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Blast hits UAE-guarded port in Yemen as prisoner swap stalls

Attack in al-Mokha kills at least six and wounds more, local officials tell Reuters
Pro-government forces advance in the western Yemeni coastal town of Mokha in 2017 (AFP)

A blast in the port town of al-Mokha, guarded by the United Arab Emirates and the internationally-recognised government of Yemen, killed at least six people and injured more, local officials told Reuters, as the UN envoy to Yemen said a planned prisoner swap between the government and Houthi rebels has been pushed back to an unspecified date.

Local officials told Reuters the blast on Monday was thought to have been caused by a motorbike bomb and may have been carried out by al-Qaeda or the Islamic State (IS) group, though no one has taken responsibility for the attack yet.

Once a thriving coffee-exporting hub, al-Mokha is now a heavily-guarded naval base for the UAE, which is allied to the Saudi-backed government of Yemeni President Abd-Rabbu Mansour Hadi.

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Yemen's almost four-year conflict pits the rebel Houthi movement against Hadi's government, backed by a Saudi-led coalition, and has sparked a humanitarian crisis in one of the world's poorest countries.

Al-Mokha, located some 75 km (50 miles) north of the strategic Bab al-Mandab strait, and neighbouring al-Khoukha and al-Heiss, are among the few towns conceded by Houthi fighters since the war started in 2015 after the armed group forced Hadi into exile in Saudi Arabia.

Al-Mokha is one of the military bases used to supply and reinforce coalition-backed forces located on the outskirts of Yemen's largest port Hodeidah, where the United Nations is trying to implement a truce and troop withdrawal.

Prisoner swap delayed

Meanwhile, the UN envoy for Yemen said the expected timeline for a truce in the flashpoint city of Hodeidah and a prisoner swap between warring parties had been pushed back.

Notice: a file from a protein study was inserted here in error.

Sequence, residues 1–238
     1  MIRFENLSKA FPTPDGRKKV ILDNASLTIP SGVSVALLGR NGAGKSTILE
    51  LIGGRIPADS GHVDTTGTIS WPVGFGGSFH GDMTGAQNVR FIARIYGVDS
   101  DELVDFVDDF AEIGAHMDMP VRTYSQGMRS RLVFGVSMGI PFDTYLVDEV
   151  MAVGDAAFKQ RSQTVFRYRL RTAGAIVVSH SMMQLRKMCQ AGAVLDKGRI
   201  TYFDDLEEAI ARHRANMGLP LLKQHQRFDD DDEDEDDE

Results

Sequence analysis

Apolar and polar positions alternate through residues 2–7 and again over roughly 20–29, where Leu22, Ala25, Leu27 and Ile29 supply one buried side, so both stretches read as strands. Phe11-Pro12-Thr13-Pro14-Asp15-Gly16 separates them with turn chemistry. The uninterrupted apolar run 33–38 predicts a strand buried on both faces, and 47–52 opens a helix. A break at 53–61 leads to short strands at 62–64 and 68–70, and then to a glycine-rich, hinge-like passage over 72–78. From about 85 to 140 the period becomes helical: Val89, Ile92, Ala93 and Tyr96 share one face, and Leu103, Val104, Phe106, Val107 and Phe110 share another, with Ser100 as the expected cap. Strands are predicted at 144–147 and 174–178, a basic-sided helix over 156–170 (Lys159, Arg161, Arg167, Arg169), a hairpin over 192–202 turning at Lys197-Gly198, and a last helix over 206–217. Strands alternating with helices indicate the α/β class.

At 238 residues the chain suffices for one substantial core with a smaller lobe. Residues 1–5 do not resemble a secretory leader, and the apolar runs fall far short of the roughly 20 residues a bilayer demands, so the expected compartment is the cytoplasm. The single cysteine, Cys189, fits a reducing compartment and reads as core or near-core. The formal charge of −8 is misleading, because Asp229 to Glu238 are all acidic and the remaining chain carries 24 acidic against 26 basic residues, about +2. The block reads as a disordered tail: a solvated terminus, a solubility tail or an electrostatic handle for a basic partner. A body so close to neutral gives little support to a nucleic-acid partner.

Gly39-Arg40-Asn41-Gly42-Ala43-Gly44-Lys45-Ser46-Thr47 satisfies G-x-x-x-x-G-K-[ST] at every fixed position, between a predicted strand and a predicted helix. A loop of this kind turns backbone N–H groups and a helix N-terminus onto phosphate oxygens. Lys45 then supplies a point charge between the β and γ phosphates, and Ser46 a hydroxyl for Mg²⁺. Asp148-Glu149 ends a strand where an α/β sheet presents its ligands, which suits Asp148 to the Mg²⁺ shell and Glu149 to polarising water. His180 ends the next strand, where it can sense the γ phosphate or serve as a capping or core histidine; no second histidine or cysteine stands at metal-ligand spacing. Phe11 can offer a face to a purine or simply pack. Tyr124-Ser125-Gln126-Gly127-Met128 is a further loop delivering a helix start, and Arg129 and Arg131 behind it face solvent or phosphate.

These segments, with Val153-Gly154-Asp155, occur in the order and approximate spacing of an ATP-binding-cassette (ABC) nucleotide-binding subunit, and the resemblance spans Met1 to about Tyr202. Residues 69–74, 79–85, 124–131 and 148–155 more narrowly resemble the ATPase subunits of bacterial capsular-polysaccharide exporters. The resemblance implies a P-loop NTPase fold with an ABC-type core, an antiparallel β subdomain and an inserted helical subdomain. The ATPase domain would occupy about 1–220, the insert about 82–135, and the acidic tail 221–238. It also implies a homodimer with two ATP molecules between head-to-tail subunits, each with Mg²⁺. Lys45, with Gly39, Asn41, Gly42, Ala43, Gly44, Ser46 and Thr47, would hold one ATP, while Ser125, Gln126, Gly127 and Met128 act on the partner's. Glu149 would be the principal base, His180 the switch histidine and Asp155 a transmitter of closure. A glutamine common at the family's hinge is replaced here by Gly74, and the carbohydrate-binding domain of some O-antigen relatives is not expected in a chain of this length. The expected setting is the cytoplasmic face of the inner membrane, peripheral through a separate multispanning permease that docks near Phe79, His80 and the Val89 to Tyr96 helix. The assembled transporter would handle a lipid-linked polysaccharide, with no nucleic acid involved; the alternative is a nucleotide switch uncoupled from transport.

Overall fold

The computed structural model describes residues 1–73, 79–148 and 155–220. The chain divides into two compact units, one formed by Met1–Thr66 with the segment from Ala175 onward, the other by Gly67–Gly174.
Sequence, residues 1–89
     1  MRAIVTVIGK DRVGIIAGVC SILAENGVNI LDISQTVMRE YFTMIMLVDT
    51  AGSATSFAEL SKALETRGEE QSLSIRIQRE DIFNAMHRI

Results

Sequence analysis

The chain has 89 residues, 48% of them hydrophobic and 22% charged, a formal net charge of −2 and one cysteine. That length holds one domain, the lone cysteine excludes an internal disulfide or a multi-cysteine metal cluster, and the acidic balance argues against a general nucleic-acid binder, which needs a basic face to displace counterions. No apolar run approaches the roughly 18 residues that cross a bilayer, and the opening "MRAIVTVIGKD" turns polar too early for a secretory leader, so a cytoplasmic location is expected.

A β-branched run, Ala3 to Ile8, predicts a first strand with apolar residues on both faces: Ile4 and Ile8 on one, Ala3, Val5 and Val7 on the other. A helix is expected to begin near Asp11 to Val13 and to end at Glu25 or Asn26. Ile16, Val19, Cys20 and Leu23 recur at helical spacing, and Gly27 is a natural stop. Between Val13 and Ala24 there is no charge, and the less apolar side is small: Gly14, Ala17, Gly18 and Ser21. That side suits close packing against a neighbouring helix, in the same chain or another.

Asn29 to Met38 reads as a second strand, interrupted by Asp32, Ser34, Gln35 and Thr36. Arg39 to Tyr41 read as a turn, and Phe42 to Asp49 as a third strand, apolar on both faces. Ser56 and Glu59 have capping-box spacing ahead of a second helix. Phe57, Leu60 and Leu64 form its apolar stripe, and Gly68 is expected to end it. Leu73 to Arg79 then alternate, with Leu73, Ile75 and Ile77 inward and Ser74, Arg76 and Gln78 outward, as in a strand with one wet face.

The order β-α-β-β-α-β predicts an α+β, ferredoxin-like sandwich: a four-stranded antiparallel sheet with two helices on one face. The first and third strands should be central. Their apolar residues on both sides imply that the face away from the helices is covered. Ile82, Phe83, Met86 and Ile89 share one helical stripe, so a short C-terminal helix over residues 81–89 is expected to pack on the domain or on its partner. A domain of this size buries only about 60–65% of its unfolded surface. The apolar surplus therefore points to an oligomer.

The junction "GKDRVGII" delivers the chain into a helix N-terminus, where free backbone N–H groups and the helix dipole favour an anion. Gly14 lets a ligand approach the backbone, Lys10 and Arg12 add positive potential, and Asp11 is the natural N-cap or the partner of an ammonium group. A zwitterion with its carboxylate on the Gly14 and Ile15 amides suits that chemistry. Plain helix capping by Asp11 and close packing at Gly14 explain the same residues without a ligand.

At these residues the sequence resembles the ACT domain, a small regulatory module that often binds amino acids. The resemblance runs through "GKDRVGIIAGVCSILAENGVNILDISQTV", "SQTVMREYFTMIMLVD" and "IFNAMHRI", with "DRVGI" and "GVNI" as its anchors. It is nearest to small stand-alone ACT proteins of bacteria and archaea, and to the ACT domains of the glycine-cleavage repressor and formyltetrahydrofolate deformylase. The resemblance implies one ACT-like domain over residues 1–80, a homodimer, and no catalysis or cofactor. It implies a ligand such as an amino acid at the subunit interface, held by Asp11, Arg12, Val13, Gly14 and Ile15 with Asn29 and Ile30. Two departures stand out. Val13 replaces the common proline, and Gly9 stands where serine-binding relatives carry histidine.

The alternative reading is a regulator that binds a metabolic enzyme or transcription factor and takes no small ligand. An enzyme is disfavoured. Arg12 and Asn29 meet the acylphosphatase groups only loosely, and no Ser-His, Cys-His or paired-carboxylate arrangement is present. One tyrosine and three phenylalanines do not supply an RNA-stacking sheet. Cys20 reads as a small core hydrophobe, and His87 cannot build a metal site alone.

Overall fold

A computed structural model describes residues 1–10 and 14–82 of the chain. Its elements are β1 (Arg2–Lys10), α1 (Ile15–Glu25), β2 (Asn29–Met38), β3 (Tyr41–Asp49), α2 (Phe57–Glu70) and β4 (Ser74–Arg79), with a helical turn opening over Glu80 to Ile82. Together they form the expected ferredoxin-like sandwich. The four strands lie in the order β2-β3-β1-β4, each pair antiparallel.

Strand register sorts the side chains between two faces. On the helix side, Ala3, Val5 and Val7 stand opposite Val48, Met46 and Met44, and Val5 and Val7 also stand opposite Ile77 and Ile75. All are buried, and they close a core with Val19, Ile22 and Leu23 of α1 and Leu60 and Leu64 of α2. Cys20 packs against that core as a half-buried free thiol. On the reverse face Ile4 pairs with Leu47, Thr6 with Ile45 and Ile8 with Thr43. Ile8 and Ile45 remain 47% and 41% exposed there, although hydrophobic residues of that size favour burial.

Martin Griffiths, who arrived Monday in rebel-held Sanaa on his third trip to Yemen this month, said there had been "changes in timelines" for both deals.

"That momentum is still there, even if we have seen the timelines for implementation extended, both in Hodeidah and with regard to the prisoner exchange agreement," he told Saudi-owned newspaper Asharq Al-Awsat.

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"Yet such changes in timelines are expected, in light of the facts that the timelines were rather ambitious and we are dealing with a complex situation on the ground."

Griffiths hosted hard-won peace talks between the government and Houthi rebels in Sweden last month.

The two parties agreed at the talks to a mass prisoner swap and an ambitious ceasefire pact in Hodeidah, the Red Sea city home to the impoverished country's most valuable port.

Griffiths also confirmed reports of plans to replace retired Dutch general Patrick Cammaert, who heads the monitoring team tasked with overseeing the Hodeidah truce.

"General Cammaert's plan was to stay in Yemen for a rather short period of time to... lay the ground for establishing the Hodeidah mission," he said.